The Transmission of Commodity Price Super-Cycles

155 Pages Posted: 2 May 2018 Last revised: 11 Aug 2021

See all articles by Felipe Benguria

Felipe Benguria

University of Kentucky - Gatton College of Business and Economics

Felipe Saffie

University of Virginia - Darden School of Business

Sergio Urzúa

University of Maryland

Date Written: April 2018

Abstract

We examine two key channels through which commodity price super-cycles affect the economy: a wealth channel, through which higher commodity prices increase domestic demand, and a cost channel, through which they induce wage increases. By exploiting regional variation in exposure to commodity price shocks and administrative firm-level data from Brazil, we empirically disentangle these transmission channels. We introduce a dynamic, two-region model with heterogeneous firms and workers to further quantify the mechanisms and evaluate welfare. A counterfactual economy in which commodity booms are purely endowment shocks experiences only 45% of the intersectoral labor reallocation between tradables and nontradables, and 40% of the within-tradables labor reallocation between domestic and exported production. Labor market frictions lead to persistent unemployment as the boom fades, and as a result the welfare gains obtained from a commodity super-cycle are 50% lower relative to those which would be obtained under a fully-flexible labor market.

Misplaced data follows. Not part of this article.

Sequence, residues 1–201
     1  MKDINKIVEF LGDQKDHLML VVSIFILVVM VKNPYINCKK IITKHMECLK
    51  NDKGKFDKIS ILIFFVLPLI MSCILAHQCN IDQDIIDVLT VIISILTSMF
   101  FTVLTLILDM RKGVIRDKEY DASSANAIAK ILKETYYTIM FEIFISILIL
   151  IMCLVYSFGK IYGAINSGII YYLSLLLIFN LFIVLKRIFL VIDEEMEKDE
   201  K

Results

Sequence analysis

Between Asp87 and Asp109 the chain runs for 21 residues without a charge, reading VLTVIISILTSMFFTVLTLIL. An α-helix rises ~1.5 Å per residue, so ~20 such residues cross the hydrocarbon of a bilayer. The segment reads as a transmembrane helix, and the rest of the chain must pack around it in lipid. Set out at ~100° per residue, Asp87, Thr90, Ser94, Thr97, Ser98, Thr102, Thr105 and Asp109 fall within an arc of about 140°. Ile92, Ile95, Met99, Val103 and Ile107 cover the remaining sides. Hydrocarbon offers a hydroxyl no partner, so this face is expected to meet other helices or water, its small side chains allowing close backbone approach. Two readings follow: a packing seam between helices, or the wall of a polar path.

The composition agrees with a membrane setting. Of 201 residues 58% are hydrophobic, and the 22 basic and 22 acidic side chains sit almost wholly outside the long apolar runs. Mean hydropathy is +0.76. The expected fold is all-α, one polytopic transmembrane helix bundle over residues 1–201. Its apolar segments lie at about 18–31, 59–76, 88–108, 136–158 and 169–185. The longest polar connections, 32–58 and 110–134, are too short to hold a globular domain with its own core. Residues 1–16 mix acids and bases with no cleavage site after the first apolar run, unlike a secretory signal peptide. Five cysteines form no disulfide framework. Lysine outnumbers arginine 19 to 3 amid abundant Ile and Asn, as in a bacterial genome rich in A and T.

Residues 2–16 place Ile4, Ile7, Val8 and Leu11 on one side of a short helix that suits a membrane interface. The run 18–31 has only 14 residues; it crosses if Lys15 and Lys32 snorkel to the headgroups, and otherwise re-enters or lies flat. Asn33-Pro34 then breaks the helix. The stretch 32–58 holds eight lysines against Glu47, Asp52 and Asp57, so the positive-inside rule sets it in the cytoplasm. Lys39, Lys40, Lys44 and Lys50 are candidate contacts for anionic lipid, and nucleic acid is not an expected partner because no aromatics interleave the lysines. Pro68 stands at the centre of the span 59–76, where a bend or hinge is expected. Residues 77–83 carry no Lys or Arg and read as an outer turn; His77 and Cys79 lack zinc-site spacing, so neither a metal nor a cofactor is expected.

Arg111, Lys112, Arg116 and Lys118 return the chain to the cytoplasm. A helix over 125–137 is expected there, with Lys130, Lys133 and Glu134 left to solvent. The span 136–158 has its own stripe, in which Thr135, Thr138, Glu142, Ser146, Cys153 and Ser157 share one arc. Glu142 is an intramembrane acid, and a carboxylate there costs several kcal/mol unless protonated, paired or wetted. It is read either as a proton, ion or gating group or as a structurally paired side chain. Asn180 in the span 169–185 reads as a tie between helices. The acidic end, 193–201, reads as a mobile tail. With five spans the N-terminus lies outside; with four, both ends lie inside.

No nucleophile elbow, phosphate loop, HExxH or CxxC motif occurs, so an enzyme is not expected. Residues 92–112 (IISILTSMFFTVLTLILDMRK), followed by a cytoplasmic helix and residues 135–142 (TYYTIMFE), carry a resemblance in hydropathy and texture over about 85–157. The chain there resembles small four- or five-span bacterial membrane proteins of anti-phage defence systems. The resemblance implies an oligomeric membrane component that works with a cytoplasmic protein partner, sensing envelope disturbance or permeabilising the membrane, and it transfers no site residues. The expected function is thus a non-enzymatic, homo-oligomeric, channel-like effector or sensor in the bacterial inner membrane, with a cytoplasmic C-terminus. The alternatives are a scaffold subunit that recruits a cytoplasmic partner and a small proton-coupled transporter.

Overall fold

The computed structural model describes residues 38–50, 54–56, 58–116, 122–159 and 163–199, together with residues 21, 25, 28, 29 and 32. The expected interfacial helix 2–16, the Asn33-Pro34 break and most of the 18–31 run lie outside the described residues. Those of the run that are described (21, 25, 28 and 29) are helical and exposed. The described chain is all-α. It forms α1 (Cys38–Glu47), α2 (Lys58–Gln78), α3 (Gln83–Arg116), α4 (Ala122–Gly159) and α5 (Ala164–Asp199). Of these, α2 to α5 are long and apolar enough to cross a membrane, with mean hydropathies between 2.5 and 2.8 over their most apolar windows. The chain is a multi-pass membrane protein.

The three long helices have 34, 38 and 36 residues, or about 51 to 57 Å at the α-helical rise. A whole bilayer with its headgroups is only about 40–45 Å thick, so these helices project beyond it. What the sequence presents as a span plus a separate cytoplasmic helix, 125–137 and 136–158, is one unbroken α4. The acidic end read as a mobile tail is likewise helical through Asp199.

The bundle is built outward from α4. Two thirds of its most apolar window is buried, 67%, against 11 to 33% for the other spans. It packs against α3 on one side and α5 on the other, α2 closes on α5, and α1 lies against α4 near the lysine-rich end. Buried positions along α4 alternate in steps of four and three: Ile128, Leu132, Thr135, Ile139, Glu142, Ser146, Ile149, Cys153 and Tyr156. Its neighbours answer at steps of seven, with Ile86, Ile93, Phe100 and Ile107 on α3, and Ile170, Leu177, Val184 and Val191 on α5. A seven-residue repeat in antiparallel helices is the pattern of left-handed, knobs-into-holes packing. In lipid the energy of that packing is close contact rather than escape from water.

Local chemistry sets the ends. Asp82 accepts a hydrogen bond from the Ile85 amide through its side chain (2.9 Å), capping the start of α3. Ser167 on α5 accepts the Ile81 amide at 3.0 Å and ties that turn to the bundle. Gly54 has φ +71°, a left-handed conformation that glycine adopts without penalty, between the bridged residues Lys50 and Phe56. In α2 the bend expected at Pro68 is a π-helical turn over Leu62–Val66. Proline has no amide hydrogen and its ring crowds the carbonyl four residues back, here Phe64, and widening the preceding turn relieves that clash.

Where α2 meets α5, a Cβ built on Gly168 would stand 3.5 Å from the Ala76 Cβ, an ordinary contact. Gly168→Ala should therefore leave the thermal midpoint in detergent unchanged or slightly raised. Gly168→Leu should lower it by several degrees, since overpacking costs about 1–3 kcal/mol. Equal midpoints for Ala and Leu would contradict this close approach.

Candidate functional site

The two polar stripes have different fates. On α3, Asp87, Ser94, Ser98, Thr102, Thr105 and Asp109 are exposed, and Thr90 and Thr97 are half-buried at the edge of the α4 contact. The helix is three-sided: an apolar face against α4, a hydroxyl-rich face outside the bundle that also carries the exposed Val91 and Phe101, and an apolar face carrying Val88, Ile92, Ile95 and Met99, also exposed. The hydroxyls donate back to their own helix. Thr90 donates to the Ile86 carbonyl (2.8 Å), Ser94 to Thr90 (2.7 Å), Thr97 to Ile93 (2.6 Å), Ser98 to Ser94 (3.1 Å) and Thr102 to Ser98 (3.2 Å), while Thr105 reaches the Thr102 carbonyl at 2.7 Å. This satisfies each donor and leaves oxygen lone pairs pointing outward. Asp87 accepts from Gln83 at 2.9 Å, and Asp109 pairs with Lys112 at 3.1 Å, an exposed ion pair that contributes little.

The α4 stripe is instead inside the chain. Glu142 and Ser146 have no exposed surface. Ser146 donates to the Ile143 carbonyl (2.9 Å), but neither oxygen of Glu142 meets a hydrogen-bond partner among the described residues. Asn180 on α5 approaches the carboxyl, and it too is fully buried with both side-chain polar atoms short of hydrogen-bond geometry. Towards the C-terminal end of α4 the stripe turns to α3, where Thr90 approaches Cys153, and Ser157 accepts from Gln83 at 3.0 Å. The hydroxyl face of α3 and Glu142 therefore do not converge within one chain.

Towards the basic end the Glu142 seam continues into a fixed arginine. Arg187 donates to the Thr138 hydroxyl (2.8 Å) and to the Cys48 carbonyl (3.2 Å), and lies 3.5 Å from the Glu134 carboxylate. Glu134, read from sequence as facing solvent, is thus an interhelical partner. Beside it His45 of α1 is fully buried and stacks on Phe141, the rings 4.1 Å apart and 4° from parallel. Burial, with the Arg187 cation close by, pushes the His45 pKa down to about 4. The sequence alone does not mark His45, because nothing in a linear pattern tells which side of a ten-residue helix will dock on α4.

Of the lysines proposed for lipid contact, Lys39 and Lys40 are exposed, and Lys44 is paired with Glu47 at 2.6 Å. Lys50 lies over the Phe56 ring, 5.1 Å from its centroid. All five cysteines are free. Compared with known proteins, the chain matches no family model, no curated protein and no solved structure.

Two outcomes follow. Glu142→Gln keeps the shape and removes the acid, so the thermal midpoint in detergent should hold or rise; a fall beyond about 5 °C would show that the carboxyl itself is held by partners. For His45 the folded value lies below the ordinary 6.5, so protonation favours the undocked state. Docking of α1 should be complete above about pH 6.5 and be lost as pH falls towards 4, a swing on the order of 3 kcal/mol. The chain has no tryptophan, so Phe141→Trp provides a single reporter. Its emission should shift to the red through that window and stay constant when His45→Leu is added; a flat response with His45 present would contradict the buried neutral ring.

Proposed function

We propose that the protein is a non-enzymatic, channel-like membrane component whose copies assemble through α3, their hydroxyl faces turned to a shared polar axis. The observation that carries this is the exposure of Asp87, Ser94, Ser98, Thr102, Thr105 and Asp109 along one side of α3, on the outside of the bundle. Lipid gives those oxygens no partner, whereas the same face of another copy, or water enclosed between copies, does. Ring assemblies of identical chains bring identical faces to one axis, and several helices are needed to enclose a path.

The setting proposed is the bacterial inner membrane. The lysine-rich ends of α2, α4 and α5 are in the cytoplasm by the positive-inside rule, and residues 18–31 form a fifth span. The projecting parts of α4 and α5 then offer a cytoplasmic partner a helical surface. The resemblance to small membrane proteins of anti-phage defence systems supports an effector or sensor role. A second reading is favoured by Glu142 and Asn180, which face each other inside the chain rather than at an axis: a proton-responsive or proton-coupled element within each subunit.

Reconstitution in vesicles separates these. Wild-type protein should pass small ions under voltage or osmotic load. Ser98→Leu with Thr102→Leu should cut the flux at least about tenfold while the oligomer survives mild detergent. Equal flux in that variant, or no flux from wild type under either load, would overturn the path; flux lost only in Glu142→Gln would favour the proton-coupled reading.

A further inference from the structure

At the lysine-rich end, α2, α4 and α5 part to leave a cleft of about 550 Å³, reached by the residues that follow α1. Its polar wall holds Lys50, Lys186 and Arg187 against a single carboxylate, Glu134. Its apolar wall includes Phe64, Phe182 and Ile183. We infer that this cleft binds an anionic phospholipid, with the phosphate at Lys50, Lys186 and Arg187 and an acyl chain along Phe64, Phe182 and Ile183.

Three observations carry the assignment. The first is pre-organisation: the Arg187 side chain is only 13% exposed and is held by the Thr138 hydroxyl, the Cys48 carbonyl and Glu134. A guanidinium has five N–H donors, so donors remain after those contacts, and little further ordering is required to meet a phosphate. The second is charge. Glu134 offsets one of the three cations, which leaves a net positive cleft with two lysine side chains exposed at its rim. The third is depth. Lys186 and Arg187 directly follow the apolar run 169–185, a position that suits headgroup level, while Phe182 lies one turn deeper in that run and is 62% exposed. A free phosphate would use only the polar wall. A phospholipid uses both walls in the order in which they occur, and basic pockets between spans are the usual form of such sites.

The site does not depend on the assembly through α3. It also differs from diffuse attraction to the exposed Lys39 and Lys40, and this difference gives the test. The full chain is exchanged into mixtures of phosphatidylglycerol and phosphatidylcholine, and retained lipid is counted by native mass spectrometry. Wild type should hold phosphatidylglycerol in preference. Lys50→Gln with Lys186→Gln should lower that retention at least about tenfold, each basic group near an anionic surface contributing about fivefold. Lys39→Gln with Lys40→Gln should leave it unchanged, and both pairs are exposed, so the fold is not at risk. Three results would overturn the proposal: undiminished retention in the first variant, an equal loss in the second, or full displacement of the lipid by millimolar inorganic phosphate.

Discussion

Suggested Citation

Benguria, Felipe and Saffie, Felipe and Urzúa, Sergio, The Transmission of Commodity Price Super-Cycles (April 2018). NBER Working Paper No. w24560, Available at SSRN: https://ssrn.com/abstract=3170797

Felipe Benguria (Contact Author)

University of Kentucky - Gatton College of Business and Economics ( email )

550 South Limestone
Lexington, KY 40506
United States

Felipe Saffie

University of Virginia - Darden School of Business ( email )

P.O. Box 6550
Charlottesville, VA 22906-6550
United States

Sergio Urzúa

University of Maryland ( email )

College Park
College Park, MD 20742
United States

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